Times, The New York. “Mexico’s Day of the Dead Parade Pays Tribute to Quake Victims.” The New York Times. October 29, 2017. Accessed October 30, 2017. (Link)
The Impact of the Earthquakes
The annual Day of the Dead Parade in Mexico City was initiated this past Saturday afternoon. However, the celebration carries a little bit of a different meaning this year because of the recent earthquakes that have devastated the country. The powerful 8.2 and 7.1-magnitude earthquakes killed approximately 700 people, destroyed buildings, and left the whole country in mourning. However, 300,000 people attended the parade this year (100,000 more people than last year) with over 700 people dressed in costumes parading along El Paseo de la Reforma, the 4 mile journey the participants march on. A common symbol throughout this year’s parade is a fist. Many paraders either walk with their fists in the air or wear shirts/costumes with similar significance. The fist is “a tribute to the rescuers who had made the gesture to demand silence as they listened for desperate survivors in the rubble of the second quake” (Times). The elaboration of the parade remains the same: faces are painted with intricate detail to resemble skulls and very festive costumes are worn. However, the emotion is rather different this year. One participant remarks that the parade may be a distraction or a way of escaping the tragedy that has so deeply affected the country.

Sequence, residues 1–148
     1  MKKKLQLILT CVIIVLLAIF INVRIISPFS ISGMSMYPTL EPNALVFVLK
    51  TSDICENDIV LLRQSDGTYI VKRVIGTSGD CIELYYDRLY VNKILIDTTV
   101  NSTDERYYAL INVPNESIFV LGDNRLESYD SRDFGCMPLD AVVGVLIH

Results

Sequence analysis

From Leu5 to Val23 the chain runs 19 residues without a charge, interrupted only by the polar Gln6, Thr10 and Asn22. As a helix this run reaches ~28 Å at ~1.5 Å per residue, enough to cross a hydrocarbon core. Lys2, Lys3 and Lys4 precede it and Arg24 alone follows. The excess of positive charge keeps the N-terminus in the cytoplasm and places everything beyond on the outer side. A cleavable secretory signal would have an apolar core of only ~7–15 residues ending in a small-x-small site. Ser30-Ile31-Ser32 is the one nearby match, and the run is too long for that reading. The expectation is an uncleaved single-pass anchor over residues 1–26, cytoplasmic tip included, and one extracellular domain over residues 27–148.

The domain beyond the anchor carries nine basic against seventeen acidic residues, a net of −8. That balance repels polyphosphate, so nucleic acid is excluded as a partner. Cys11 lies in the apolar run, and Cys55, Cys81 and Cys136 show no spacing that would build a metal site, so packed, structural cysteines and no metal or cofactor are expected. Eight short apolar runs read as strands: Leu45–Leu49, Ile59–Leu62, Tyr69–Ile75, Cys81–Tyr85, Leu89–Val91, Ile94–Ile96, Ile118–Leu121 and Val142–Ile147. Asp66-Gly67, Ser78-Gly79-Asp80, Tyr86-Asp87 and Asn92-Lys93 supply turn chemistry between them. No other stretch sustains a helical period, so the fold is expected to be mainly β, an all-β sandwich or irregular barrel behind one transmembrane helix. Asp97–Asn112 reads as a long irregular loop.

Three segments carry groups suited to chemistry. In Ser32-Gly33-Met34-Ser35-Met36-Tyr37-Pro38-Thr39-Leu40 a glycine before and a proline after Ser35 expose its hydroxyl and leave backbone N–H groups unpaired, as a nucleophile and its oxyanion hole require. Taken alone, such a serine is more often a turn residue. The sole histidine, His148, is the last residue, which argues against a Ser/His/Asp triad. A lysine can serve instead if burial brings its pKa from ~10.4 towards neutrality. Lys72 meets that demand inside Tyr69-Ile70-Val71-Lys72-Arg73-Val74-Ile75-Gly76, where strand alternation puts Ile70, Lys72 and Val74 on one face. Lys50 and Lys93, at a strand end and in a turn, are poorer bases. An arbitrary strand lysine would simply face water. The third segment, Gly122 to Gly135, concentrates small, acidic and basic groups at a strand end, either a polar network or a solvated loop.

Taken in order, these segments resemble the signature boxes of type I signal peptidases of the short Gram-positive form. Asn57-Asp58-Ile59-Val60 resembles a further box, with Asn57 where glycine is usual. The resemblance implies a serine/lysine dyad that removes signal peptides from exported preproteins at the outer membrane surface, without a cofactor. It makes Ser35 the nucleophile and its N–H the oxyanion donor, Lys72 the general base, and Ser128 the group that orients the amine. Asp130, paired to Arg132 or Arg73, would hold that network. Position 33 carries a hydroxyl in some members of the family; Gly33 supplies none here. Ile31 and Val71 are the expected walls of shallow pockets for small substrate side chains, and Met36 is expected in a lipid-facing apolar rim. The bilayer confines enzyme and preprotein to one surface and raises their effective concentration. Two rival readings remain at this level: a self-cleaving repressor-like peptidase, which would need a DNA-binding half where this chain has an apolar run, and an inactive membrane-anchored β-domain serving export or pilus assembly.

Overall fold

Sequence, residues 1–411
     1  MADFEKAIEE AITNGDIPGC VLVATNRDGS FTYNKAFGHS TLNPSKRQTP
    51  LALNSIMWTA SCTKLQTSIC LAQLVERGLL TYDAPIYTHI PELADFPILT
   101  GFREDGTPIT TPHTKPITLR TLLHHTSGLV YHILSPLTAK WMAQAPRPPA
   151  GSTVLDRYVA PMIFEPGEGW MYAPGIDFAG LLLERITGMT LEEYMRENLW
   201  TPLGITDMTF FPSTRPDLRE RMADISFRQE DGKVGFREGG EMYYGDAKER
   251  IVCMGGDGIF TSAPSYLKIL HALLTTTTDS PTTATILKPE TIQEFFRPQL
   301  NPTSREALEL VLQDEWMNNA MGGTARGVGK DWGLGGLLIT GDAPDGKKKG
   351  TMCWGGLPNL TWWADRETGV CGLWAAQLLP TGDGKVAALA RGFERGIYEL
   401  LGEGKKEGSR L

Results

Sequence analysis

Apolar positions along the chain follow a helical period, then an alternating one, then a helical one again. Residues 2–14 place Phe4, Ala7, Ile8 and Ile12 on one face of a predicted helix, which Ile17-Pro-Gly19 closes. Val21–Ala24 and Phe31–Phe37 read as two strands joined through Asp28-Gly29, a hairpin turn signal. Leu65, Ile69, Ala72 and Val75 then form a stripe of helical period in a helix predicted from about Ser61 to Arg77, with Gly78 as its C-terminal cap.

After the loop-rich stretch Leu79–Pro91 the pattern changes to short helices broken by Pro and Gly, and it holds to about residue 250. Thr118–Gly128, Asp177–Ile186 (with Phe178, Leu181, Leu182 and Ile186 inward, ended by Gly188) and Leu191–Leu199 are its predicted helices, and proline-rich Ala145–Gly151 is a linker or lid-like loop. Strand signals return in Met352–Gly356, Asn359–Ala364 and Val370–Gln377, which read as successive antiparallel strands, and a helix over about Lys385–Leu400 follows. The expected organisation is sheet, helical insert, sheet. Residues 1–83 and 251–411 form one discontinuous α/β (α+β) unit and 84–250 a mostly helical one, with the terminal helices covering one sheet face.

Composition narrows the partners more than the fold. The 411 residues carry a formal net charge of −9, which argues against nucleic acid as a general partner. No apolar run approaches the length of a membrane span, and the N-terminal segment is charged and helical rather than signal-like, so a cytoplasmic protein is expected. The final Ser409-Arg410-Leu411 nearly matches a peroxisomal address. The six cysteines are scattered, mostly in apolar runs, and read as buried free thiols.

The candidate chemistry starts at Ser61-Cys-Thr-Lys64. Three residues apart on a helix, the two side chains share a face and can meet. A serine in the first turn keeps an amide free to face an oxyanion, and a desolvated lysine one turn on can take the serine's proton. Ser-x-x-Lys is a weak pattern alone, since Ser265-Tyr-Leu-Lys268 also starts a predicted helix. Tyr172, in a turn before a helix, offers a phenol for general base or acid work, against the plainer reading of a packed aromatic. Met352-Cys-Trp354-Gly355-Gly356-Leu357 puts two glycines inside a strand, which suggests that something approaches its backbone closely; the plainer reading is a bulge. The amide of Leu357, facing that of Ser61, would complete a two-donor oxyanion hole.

Segment of the Parade
What does the Celebration Mean?
This article written by The New York Times briefly describes the history of the holiday. The Day of the Dead can be traced back to Mesomaerican festivals many years ago that believed that the dead returned temporarily to Earth. El Día de Los Muertos can be described to be a more positive way to look at death. Life is being celebrated, which I believe to be a much healthier outlook on a person’s passing. Flowers, food, music, color, and remembrance brings this festival to life. This year, in particular is an especially important time to celebrate life by coming together and remembering all those who lost their lives in the Mexican earthquakes. As one participant puts it, “We’re not only here to celebrate and dance, but also when there’s a disastrous situation we come together to help” (Times). A stronger element of human compassion comes into play with this year’s festival.
Costume Example: Elaborate Headpiece With Skulls and Face paint
The parade demonstrates that despite the grave events that have recently taken place in Mexico, the country has united to celebrate life in a very positive way. The Day of the Dead is a holiday that is mostly relevant to Mexico, so it can be said that it makes up a large part of Mexican identity. It is unique to Mexico and its impact on those of Mexican origin is even greater this time around. As opposed to the violence and drug trafficking that is commonly associated with Mexico in the media, readers can see a lighter side of Mexico in this article, one that is thoughtful, optimistic, and hopeful.
The tradition of The Day of The Dead has expanded to not only other Latin American countries, but to The United States as well, demonstrating that the holiday has had a global impact. In fact, I learned about the holiday when I was in my sixth grade Spanish class and was retaught it every year since that time. The event is undoubtedly one of great importance and more and more cultures every day are implementing it into their traditions. The holiday itself has encountered many different people, countries, and cultures over the years. So, this week…